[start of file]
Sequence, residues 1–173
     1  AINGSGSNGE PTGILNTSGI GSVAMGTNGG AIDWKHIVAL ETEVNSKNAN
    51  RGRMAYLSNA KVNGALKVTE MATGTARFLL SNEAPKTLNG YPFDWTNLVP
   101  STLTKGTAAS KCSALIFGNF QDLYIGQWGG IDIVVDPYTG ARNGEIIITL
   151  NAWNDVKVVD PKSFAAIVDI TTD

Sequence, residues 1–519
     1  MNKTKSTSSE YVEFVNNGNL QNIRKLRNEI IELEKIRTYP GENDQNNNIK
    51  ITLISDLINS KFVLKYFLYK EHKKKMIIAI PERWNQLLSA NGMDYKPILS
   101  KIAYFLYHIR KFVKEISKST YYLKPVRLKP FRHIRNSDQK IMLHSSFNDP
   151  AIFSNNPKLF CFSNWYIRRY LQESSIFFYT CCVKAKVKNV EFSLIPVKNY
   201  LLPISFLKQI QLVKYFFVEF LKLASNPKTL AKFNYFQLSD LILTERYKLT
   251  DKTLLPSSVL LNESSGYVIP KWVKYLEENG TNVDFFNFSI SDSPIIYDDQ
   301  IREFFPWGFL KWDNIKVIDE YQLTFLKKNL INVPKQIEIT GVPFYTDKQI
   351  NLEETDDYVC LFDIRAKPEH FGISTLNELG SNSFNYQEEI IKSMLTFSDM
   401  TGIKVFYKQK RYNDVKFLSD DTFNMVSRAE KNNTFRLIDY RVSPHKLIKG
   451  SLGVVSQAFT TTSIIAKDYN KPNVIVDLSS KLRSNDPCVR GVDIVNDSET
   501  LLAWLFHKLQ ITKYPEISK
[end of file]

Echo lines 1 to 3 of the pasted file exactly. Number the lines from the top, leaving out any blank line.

Sequence, residues 1–173
     1  AINGSGSNGE PTGILNTSGI GSVAMGTNGG AIDWKHIVAL ETEVNSKNAN
    51  RGRMAYLSNA KVNGALKVTE MATGTARFLL SNEAPKTLNG YPFDWTNLVP